Tuesday, December 21, 2010

My Christmas Tree

I thought some of my new followers would enjoy this column I wrote a couple years ago. 
The perfect Christmas tree. Is there such a thing?

I think so, and I think it’s mine. I think this every year. Some years our tree has been fat and full. Other years it’s been tall and skinny. But always it’s been perfect.

You see, what makes our Christmas tree perfect isn’t its size or shape or smell. It’s not how the needles feel or whether the trunk is straight. What makes it perfect are the ornaments that dangle from its branches.

My sons have made a good many of them. There’s the construction paper angel my 13-year-old made in second grade. And the picture ornament my 17-year-old crafted in preschool. Each year when we hang my sons’ homemade ornaments, my heart flutters and I am reminded of all that is good in this world. Time passes much too quickly, and the ornaments are treasures from yesteryears when the most pressing problem was a skinned knee.

Along with these homemade ornaments are those my mother bought me. Each year I’d find a new one in my stocking. One year it was Miss Piggy. Another year, Kermit. I looked forward to Christmas morning, eager to see what she had bought. When I hang these decorations, I nearly drown in memories. I want to hug my mother, tell her how much I love her and need her. But I can’t because she isn’t here. She died many years ago, but not before giving me some special ornaments.

They aren’t ornaments you’d find in a store or some exclusive catalog. She made them with her loving hands, one by one as her death drew near. Cancer made her weak and took away many of the things she enjoyed. But that deadly disease could not destroy her spirit or will to leave part of her behind.

And so she cross-stitched.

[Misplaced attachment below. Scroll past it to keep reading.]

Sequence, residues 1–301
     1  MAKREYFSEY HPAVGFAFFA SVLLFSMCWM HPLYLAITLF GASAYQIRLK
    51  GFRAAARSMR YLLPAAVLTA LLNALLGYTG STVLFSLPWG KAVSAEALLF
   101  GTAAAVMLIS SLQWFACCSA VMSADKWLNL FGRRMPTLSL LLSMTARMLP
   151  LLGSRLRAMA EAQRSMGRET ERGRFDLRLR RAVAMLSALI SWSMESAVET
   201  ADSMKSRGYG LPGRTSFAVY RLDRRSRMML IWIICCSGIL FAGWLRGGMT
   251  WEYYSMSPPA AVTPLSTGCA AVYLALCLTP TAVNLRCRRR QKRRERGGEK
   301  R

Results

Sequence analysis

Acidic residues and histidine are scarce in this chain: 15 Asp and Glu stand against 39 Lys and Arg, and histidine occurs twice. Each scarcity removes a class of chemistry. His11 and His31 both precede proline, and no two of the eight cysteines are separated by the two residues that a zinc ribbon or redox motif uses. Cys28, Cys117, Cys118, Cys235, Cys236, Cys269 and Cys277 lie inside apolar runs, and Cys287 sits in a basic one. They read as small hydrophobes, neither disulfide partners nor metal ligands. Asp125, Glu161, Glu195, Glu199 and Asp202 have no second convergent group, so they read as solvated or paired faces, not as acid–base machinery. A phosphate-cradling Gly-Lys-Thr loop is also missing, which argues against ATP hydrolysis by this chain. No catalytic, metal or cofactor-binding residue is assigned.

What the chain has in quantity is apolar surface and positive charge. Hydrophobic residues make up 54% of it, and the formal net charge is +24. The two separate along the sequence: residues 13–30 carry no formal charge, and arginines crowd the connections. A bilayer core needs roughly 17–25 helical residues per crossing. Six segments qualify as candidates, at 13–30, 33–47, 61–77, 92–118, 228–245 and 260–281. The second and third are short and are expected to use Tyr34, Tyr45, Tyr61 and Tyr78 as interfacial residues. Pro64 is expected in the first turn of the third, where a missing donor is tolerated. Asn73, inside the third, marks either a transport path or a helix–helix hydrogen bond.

Hour after hour.

Day after day.

Month after month.

Until she could no more.

She’d sit in the corner chair with needle and thread creating tiny tapestries of love. Some for each of her five daughters and all of her grandchildren.

I remember thinking at the time how important cross-stitching seemed to her. I think it was her way of giving us something we could hold onto and cherish long after she was gone. Something to share with our children and grandchildren and great-grandchildren.

And so, when I walk through the department stores and see all the “perfect” trees in coordinating colors and trendy themes, I smile. Don’t get me wrong. They’re beautiful. But not as beautiful as mine.

I don’t care that my Christmas tree is adorned with a mishmash of ornaments. I don’t care that some of them are chipped and that others are cracked or scratched.

What matters most is the love that has gone into each ornament that hangs on my tree. Riches that warm my heart and feed my soul.

Thank you Zach and Micah and mom for making our family Christmas tree perfect every year.


  1. Thank you for sharing this, Buffy. What a great reminder that it isn't always about what the eye sees but more about what the heart sees. :)

  2. I still have things my son made, too, like a little magnet with his thumbprint. Thanks for this :)